According to the revelation of the Scripture, God’s purpose is not to have only one or two persons as His priests. His purpose is to have all His people as His priests.
After the Israelites came out of Egypt, they came to Mount Sinai. God charged Moses to speak to the Israelites, saying, "Ye shall be unto me a kingdom of priests, and a holy nation" (Exo. 19:6). God told the Israelites that they would be a kingdom of priests. This expression is somewhat difficult to understand. Why did God say that they would be a kingdom of priests? He meant that He wanted the whole nation to be priests. No one in the nation would be an ordinary person; the whole kingdom would be priests. This was God’s purpose.
When God chose Israel to be His people, He set this goal before them. This nation was to be different from all other nations on the earth. It was a kingdom of priests. All the people of this nation would be priests. This meant that every person in the nation would have one unique occupation, the occupation of serving God. God delights in separating men from the earth for His service. He delights in seeing men live solely for His affairs. God wants all of His children to be priests and to serve Him.
God told the people of Israel when they reached Mount Sinai that He would make them a kingdom of priests. This is a wonderful calling. We call England "the kingdom of the navy," the United States, "the kingdom of gold," China, "the kingdom of manners and virtues," and India "the kingdom of philosophers." But here is a kingdom which is called "the kingdom of priests." This is a wonderful thing. Everyone in this nation is a priest. Men, women, adults, and children are all priests. Everyone in this kingdom serves only God. Both adults and children have only one thing as their occupation—offering sacrifices and serving God. This is a wonderful picture.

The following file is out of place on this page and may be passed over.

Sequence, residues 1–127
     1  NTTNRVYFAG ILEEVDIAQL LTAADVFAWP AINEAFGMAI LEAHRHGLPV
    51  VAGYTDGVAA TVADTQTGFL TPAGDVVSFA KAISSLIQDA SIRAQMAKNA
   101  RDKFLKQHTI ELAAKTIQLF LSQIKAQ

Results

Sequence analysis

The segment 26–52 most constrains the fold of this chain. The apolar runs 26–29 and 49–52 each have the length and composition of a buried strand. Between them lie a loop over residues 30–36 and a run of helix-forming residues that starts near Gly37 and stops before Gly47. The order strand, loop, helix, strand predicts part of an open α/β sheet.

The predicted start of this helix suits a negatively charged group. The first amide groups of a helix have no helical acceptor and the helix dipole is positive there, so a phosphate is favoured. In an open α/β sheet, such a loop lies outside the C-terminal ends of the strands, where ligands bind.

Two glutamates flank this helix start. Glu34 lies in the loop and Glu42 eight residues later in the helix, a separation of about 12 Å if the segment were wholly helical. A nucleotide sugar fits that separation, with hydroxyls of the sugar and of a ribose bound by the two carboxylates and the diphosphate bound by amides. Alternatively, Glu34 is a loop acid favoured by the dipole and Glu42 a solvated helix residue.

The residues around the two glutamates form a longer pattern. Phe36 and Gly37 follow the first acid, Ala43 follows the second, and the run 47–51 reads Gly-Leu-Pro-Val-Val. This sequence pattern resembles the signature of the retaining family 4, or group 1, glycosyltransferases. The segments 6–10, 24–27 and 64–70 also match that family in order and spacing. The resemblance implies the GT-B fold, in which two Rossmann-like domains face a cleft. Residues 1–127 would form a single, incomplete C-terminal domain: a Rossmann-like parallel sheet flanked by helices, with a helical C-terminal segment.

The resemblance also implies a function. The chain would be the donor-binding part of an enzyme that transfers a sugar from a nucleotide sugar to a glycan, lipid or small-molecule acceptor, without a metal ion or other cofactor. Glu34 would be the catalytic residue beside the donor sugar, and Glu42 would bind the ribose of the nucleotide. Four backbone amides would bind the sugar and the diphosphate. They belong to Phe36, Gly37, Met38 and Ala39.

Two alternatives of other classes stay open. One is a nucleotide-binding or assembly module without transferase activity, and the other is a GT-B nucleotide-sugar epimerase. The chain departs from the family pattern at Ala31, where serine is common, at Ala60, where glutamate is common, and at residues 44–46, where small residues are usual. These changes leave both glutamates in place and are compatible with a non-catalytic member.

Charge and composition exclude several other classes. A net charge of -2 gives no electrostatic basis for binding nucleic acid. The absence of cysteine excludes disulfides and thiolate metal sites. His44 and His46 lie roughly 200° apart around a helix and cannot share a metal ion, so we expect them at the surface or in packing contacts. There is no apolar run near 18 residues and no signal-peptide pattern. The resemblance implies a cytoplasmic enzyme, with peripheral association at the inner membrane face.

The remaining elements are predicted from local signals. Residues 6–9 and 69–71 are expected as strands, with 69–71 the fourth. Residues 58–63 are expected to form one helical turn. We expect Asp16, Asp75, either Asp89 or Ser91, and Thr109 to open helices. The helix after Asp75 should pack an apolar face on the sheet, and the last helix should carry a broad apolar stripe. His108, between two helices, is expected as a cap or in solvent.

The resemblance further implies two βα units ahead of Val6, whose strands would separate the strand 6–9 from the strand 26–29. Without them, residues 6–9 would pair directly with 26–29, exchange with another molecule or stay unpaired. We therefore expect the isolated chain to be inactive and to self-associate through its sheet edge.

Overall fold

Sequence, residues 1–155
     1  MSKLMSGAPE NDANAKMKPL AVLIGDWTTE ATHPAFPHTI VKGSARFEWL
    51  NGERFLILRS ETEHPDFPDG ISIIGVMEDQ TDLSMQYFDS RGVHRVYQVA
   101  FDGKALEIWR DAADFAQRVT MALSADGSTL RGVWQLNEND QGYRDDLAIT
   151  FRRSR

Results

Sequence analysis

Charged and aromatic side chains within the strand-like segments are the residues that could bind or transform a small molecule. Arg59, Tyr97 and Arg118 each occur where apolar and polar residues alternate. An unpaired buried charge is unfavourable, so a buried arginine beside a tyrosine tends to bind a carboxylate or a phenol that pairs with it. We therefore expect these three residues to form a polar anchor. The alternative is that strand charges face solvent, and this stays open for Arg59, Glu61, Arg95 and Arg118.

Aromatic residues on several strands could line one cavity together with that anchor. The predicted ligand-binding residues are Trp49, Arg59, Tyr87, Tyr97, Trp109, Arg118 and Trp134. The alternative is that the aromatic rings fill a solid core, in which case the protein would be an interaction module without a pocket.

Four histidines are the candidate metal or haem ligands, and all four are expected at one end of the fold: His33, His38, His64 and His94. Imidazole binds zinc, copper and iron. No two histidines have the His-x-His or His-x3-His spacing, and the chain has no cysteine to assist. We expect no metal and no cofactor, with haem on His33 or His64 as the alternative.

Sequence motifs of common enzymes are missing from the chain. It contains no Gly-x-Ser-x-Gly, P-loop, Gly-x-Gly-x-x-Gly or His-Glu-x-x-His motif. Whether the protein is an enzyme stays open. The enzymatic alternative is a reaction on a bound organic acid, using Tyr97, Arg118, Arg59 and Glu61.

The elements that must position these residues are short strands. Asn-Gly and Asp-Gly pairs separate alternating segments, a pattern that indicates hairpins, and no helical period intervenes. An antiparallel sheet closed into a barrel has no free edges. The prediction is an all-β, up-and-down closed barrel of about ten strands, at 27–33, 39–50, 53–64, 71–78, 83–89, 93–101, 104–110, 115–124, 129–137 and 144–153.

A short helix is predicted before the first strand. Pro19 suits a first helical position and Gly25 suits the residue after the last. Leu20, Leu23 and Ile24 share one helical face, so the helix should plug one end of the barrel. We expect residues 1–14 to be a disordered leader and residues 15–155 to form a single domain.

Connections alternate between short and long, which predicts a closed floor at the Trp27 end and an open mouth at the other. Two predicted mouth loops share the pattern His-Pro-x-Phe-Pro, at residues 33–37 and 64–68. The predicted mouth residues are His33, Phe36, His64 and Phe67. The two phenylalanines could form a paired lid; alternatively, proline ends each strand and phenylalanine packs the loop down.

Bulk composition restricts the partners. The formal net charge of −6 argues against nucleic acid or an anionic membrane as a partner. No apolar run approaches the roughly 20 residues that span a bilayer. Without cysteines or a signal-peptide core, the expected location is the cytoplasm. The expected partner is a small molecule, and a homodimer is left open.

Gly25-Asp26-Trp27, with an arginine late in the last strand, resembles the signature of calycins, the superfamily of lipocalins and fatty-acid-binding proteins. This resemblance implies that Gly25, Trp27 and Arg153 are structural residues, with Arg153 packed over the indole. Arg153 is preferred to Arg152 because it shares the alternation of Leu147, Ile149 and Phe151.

After God promised to establish Israel as a kingdom of priests, He told Moses to go up the mountain to receive the Ten Commandments which were written upon two tablets of stone. Moses remained on the mountain forty days while God wrote the Ten Commandments on the stone tablets. The first commandment says, "Thou shalt have no other gods before me." The second says, "Thou shalt not make unto thee any graven image" (20:3-4). It seems that God was dictating the commandments one by one.
While Moses was up on the mountain, the people at the foot of the mountain wondered about his delay. They said to Aaron, "Up, make us gods, which shall go before us" (32:1). Aaron succumbed to their words, collected gold, and made a golden calf. The people then worshipped the golden calf and said, "These be thy gods, O Israel, which brought thee up out of the land of Egypt" (v. 4).
They began to worship the idol. They sat down to eat and drink and rose up to play. They indulged in great celebration. At last they had found a visible golden god for themselves. The God that Moses taught was mysterious; one could not identify where He lived or where He could be located. Even Moses, the one who worshipped this God, was nowhere to be found. Now there was a visible golden calf which they could worship. God had appointed them to be priests, but even before they were able to be His priests, they became priests to the golden calf. God’s desire was for them to be a kingdom of priests. But even before they could do that, they had turned to idol worship and served the golden calf. They established other gods and other forms of worship apart from Jehovah their God.
This is man’s concept of God. Man always tries to make his own god and worship according to his own ways. Man likes to worship a god created by his own hands. He does not accept God’s sovereignty in His creation. He does not like to acknowledge Him as the Creator.
(New Believers Series: Priesthood, The #23, Chapter 1, by Watchman Nee)